FIGS. 6A-6C illustrate various layers of an example embodiment of a shielded flex circuit EEG sensor strip.

FIG. 6A illustrates an example shielded flex circuit EEG sensor strip 600, in accordance with some embodiments. In an example, the EEG sensor strip 600 is outlined in the shape of an EEG sensor headset by a dielectric material 605 forming a flexible substrate. An electrode layer 610 is included on one side (e.g., a patient facing side) of the dielectric material 605. The electrode layer 610 can include both conductive traces 612 and electrode sensors 614. The electrode layer 610 can include a cable attachment portion 615 (e.g., a connector) that consolidates the conductive traces 612 from the electrodes 614 at a suitable location for coupling the electrodes, via the traces, to an EEG recorder.

FIG. 6B illustrates an example shield layer 620 of a flex circuit EEG sensor strip 600, in accordance with some embodiments. In an example, the shield plane layer 620 is disposed on a side of the dielectric material 605 that is opposite the electrode layer 610 of FIG. 6A. The shield plane layer 620

FIG. 6C depicts an example embodiment of a shielded flex circuit EEG sensor strip 600 that includes an electrode layer 610, a dielectric material 605, and a shield plane layer 620 that are stacked together to form an exemplary grounded flexible multi-electrode EEG sensor assembly.

FIG. 7 illustrates a detail view of an example connector 615 of a multi-layer shielded flex circuit EEG sensor strip 600, in accordance with some embodiments. In an example, connector 615 can include one or more shield-plane connections 616 and electrode terminals 618. The one or more shield-plane connections 616 and electrode terminals 618 can be coupled to an electrode harness cable interface and thereby electrically connected to an EEG recorder. Shielding can be therefore continuously provided from the individual electrodes to the EEG recorder by the shield plane layer 620 and a shielded multi-conductor cable.

FIG. 8 illustrates a cross-sectional view of an example EEG sensor assembly 800, in accordance with some embodiments. In an example, the EEG sensor assembly 800 includes an outer insulating surface 802, a shield layer 804 that can be coupled to a ground terminal of an EEG recorder, a dielectric layer 806 that can form a flexible substrate that the shield layer 804 is printed on, an electrode layer 808 that can be printed or etched onto the dielectric layer 806, and a removable adhesive cover 810 that can protect the electrode layer 808 until the EEG assembly is ready for use.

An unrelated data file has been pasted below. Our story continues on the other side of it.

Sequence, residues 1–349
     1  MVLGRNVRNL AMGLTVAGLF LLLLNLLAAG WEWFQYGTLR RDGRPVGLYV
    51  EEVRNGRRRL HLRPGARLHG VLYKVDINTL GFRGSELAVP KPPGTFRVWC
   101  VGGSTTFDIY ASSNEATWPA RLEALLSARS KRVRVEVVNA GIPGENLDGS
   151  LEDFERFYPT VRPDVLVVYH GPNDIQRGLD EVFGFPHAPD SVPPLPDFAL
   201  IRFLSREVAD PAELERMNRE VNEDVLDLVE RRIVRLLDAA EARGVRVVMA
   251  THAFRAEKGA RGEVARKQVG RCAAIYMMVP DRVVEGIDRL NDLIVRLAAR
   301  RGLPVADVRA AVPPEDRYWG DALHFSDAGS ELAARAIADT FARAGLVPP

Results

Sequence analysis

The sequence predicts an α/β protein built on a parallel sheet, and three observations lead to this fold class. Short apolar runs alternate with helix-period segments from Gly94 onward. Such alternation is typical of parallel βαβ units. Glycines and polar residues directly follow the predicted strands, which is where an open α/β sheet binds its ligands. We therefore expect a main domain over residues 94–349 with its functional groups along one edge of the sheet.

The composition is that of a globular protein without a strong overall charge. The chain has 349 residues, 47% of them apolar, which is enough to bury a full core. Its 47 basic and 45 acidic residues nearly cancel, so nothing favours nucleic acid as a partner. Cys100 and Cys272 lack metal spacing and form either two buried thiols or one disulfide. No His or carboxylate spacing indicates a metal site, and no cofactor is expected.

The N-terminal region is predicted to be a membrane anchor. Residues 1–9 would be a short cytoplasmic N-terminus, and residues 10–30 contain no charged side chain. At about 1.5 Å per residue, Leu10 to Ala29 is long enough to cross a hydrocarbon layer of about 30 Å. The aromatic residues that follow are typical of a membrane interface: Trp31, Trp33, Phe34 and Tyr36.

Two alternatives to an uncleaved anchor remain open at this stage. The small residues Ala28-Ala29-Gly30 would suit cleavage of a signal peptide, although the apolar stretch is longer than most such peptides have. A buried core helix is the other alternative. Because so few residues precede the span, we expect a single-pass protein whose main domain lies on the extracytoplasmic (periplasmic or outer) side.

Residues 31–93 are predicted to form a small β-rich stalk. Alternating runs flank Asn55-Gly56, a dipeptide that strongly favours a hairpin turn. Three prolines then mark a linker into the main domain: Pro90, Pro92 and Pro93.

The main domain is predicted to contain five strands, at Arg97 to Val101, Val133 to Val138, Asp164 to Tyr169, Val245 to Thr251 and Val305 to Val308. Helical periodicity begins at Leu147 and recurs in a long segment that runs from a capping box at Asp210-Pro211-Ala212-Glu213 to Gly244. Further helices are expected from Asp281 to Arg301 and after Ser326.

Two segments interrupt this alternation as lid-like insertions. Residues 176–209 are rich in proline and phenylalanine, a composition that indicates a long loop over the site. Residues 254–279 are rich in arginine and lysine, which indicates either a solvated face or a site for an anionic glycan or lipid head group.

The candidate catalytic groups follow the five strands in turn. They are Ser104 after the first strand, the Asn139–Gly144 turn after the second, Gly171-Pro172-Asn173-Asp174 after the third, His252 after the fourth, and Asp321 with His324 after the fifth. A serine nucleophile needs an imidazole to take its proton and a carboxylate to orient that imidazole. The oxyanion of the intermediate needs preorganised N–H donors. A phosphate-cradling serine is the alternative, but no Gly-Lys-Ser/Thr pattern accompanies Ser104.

In an example, EEG sensor assembly 800 can also include a memory shape film or foil that can bias the EEG sensor assembly 800 into a concave shape that can conform to the shape of the head of a patient. The memory shape film or foil can be included as a separate layer or integrated as part of another layer.

In an example, the dielectric layer 806 can have a thickness of approximately two mil. The grounded shield layer 804 can be a copper or copper-alloy material or film. The dielectric layer 806 can be a polyester or polyimide material or film. The electrode layer 808 can be a silver or silver-chloride material or film. Additional embodiments with similar or equivalent materials are also contemplated.

FIG. 9 illustrates a cross-sectional view of an example EEG sensor assembly 850 that includes an outer insulating surface layer 802, a grounded shield layer 804, a dielectric layer, an electrode layer 808, and an adhesive layer 860 that can removably attach the EEG sensor assembly 850 to a patient.

FIG. 10 illustrates a cross-sectional view of an example EEG sensor assembly 950, in accordance with some embodiments. The example EEG sensor assembly 950 can include a removable cover 960 to protect the electrode layer and surrounding adhesive layer 958 prior to use. The removable cover 960 can be peeled off of the EEG sensor assembly 950 while the adhesive 958 remains in contact with the EEG sensor assembly 950.

FIG. 11 illustrates an example cross-hatched shield layer of a flex circuit EEG sensor assembly, in accordance with some embodiments. In an example, shield plane 970 can include a conductive layer that is printed on the dielectric in a cross-hatch or lattice pattern. Alternative patterns such as a grid or array configuration are also contemplated. The traces or openings in a grid or lattice pattern can be sized such that interference from ambient electromagnetic noise is reduced or eliminated, while providing the EEG sensor assembly with the capability of flexing to easily conform to the shape of a patient's head. The shield plane 970 with a cross-hatch or another perforated design can be utilized with any one of the EEG sensor assemblies or strips discussed herein.